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Why Do Neurodiversity And Entrepreneurship Make Such Good Business Partners?


Barnaby Lashbrooke

Founder and CEO of Time etc, author of The Hard Work Myth

8 minute read

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Life is full of challenges, but for an estimated 1 in 7 of us, there are a few extra hurdles in the way. Things that seem so easy to others can feel all but impossible to you. And no matter how hard you try—at school, home, or work—you may get labeled as lazy, stupid, difficult, or incapable.

While there’s no doubt that awareness of neurodiversity has steadily increased over the years, it is still viewed by many as a disadvantage, with much of the focus centered on the negatives or limitations. But if you take a look at some of the world’s most successful business owners, you might notice a theme.

Microsoft founder Bill Gates, real estate magnate Barbara Corcoran, financial services company founder Charles Schwab, global fashion designer Tommy Hilfiger, and luxury fragrance brand owner Jo Malone all have dyslexia.

JetBlue airlines founder David Neeleman has ADHD (attention deficit hyperactivity disorder). Kinko’s founder Paul Orfalea and Virgin Airlines founder Richard Branson both have dyslexia and ADHD, as did IKEA founder Ingvar Kamprad. Tesla and SpaceX CEO Elon Musk has ASD (autism spectrum disorder).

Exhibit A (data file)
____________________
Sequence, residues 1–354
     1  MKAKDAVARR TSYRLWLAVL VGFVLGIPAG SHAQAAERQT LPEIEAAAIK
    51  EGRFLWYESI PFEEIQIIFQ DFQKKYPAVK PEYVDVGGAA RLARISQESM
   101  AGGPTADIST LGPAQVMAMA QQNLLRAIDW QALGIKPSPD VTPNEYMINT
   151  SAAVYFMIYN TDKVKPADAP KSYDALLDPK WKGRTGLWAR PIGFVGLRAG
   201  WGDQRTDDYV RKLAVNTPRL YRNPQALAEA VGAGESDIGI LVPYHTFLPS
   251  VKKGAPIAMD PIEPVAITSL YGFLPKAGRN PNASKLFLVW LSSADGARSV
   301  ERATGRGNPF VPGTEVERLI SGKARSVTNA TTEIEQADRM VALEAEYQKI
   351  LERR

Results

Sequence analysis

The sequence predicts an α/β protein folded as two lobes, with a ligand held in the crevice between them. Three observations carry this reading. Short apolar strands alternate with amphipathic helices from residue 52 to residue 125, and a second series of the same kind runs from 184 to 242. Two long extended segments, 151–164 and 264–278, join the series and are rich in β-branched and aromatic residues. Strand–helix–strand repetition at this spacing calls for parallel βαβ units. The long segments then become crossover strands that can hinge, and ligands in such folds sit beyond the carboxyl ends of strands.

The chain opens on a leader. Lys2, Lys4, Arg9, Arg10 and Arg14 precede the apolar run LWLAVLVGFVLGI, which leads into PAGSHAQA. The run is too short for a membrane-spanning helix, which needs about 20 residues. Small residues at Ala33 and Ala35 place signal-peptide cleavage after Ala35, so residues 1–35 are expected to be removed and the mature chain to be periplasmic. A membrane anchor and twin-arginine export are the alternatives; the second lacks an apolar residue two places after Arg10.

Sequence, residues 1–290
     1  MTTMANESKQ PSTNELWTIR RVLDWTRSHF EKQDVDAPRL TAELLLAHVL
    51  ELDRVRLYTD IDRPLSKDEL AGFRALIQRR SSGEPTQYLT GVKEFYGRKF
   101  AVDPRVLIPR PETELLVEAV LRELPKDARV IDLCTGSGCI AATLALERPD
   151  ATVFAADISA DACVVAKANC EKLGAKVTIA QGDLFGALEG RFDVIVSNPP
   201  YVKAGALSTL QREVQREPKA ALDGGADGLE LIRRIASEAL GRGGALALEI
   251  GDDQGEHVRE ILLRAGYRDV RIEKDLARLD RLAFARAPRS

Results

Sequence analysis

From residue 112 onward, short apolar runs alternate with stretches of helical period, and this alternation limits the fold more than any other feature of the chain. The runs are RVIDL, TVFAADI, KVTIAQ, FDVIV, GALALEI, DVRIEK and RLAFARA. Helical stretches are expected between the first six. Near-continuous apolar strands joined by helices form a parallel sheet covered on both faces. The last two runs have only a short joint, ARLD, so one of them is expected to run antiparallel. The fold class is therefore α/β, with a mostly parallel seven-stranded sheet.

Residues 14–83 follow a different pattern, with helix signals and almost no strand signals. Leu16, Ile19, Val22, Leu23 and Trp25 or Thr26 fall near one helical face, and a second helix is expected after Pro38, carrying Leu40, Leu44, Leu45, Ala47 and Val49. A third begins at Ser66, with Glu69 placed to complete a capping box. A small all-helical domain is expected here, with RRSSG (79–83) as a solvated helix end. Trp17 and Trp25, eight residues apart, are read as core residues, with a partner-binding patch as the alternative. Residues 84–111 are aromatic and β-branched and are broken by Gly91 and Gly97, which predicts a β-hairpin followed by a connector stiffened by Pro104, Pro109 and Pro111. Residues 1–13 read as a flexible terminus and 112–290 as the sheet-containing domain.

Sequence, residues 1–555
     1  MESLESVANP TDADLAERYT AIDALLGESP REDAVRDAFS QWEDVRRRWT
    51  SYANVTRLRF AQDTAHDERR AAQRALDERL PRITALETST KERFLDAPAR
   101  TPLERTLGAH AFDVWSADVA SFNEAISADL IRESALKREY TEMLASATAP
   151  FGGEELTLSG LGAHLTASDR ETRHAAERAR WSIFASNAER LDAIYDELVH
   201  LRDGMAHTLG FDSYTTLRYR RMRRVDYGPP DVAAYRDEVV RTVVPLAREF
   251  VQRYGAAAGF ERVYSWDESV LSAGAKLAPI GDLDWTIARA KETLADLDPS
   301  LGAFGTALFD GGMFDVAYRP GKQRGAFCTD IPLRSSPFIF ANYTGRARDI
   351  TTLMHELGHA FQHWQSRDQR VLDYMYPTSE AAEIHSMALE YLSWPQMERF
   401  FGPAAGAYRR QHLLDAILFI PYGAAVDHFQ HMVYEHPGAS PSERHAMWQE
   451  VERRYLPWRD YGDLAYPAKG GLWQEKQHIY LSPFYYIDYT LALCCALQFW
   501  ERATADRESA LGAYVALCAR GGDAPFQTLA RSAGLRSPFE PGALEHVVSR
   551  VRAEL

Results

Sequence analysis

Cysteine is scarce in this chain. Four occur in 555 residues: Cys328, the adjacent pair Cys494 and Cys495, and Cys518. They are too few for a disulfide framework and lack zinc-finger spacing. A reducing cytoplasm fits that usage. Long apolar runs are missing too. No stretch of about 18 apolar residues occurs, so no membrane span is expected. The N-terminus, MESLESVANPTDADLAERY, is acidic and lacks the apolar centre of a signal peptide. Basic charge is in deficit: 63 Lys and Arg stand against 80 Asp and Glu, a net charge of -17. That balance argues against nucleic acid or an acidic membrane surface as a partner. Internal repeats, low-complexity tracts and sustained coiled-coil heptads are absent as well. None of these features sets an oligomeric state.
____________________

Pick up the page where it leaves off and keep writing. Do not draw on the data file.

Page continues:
If you reduced the global population of adults to just 100 people, 10 would have dyslexia and 4 would have ADHD.

If you did the same to the population of entrepreneurs, 40 would have dyslexia and 10 would have ADHD, according to recent studies.

But why is this?

What exactly makes business ownership such a rich space for neurodivergence to thrive?

Neurodiversity and neurodistinction

In today’s world, neurodiversity is the idea that "people experience and interact with the world around them in many different ways; there is no one ‘right’ way of thinking, learning, and behaving."

The term was first coined in 1998 by sociologist Judy Singer “to argue for the importance of including all neurotypes for a thriving human society”. And it is thought that a “thriving human society” is actually one of the main reasons that neurological differences exist in humans.

A recent study into developmental dyslexia by the University of Cambridge suggests that back in the days of our early ancestors, a small minority of the population was born with specialist thinking skills that gave them an edge in areas where the majority might have lacked—although, sometimes at the cost of other skills. But when the minority and majority worked together and combined their skills, it made for a stronger and more adaptable group that was more likely to survive.

So as “neurodiversity” describes the unique differences in all people, "neurodivergence", “neurodistinction”, or “neurodifference” refers to those whose behavior and traits fall outside those of the typical majority—such as ASD, ADHD, and dyslexia.

Why entrepreneurship?

While the concept of neurodiversity says there is no “right” way of thinking or behaving, the fact is that some styles and traits are more common than others (i.e. neurotypical). These are what shape our behavioral, social, and cultural norms.

So for people whose traits and behaviors are at odds with these norms, the traditional workplace can be an endless source of stress and frustration. The findings of recent employment studies speak for themselves: